The problem

All of this is enough to make market purists wince: if we believe that wholesale power markets deliver the most efficient outcomes, they say, then why do we keep adding layers of additional incentives and mechanisms?

Plants that receive feed-in tariffs, tax credits, contracts for difference and any other non-market revenue streams have an advantage in a competitive wholesale market. They may for example continue to generate – and profit – even when prices are extremely low or negative (a clear market signal that the power they produce is not needed). They are also able to compete at lower prices in capacity auctions.

We are seeing such effects now in California, where utility-scale solar is approaching 10% of power generation. As my colleague Will Nelson noted in his Summit session (presentation: BNEF website | Bloomberg Terminal), PV plants used to realize wholesale power prices well above those enjoyed by the average gas plant, because they captured the daytime demand peak. In 2011, solar PV realized 25% more value than the average around-the-clock power price. But as PV deployment accelerated, daytime power prices fell, and today the abundance of solar means that PV plants are capturing only half the average around-the-clock power price (so far this year). On the basis of wholesale prices, it would be folly to build a new PV plant in California.

This has also transformed the economics of gas plants in California, which increasingly have to operate at a loss during the daytime and then ramp up to capture the lucrative evening hours, when the sun goes down and power demand rises as people head home. This situation – gas operating at a loss – raises critical questions about the long-term security of supply in the Golden State, or in any high-renewables market.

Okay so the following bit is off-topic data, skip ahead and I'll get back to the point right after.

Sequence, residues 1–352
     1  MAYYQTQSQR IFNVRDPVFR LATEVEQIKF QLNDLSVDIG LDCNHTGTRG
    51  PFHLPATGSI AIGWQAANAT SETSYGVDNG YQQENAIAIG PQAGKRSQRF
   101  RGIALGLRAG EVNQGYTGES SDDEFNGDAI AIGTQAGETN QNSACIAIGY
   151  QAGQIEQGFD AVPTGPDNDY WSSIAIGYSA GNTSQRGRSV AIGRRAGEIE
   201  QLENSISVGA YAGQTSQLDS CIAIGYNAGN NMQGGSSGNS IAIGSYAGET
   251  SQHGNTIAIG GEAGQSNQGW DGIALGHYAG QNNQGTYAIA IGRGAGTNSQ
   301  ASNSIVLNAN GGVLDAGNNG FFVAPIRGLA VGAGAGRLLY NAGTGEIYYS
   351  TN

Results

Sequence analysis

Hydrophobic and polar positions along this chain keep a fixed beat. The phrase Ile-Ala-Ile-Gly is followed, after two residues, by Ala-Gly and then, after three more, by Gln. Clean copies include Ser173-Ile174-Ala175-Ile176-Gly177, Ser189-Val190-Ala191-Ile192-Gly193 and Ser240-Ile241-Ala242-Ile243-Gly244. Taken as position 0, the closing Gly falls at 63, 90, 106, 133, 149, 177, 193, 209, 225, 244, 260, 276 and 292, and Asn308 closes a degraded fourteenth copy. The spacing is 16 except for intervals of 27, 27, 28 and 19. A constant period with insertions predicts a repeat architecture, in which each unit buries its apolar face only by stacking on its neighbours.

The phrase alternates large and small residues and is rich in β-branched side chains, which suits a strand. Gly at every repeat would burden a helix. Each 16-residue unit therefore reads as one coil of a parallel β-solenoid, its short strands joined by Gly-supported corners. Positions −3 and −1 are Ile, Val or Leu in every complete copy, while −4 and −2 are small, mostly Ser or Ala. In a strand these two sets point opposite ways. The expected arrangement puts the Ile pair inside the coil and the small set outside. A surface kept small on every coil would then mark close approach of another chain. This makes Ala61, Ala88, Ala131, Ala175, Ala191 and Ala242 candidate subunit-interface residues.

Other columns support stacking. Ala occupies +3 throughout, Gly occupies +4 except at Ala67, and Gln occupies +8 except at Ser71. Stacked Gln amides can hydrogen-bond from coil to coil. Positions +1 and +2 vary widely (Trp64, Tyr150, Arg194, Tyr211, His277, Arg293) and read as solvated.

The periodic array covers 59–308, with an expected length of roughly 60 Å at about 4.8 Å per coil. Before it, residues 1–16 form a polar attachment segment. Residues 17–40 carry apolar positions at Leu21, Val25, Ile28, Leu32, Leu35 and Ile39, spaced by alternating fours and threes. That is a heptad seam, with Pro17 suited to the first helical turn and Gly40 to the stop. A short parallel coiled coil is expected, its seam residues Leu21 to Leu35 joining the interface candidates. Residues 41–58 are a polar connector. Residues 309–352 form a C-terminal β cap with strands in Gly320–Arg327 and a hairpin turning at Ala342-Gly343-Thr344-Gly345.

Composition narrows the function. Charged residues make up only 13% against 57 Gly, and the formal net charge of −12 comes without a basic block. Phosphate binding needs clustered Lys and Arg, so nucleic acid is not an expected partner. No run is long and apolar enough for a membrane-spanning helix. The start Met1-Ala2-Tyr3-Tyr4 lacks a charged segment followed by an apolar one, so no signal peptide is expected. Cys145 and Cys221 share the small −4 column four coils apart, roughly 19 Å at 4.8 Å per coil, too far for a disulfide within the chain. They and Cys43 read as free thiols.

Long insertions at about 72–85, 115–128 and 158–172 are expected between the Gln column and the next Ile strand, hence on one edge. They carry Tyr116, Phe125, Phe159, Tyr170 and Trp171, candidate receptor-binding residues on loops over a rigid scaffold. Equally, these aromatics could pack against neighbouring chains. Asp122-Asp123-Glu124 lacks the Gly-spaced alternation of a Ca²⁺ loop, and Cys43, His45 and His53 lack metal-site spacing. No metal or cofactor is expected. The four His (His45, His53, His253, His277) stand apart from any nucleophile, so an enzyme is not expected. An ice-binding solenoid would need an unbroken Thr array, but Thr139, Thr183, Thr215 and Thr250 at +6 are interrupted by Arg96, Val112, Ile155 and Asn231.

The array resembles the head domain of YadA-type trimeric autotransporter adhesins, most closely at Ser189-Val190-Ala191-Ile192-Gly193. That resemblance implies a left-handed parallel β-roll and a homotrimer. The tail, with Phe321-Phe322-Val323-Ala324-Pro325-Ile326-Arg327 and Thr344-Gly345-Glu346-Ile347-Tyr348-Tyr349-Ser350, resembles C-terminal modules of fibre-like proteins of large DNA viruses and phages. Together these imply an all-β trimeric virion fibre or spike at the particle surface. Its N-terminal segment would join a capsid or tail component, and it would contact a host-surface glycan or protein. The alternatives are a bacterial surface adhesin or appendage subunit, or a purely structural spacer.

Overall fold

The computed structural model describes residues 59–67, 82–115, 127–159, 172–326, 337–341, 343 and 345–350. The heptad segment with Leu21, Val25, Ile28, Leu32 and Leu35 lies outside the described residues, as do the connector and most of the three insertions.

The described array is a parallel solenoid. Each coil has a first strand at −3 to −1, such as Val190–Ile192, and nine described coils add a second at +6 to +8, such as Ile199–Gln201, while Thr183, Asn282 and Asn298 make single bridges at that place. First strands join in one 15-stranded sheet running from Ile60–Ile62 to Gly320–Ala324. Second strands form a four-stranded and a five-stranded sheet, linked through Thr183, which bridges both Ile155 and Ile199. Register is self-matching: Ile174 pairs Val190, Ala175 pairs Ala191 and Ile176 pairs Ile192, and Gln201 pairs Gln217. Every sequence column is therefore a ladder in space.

Supporters of subsidies for renewables retort with two arguments. First, it is hard to find an energy source that has not at some point been the beneficiary of government or regulatory support. What is really at stake is whether or not states and countries are right to pick winners at all. Is it wise for Massachusetts to run procurement programs for offshore wind? Should New York and Illinois have a nuclear policy at all? Should Germany and the U.K. continue to run auctions for renewable energy? None of these are compatible with a strict definition of the primacy of power markets, which would dictate that technologies should live or die in the fire of pure competition. Even capacity payments are subsidies, in the eyes of many – they just happen to subsidize for reliability, rather than decarbonization.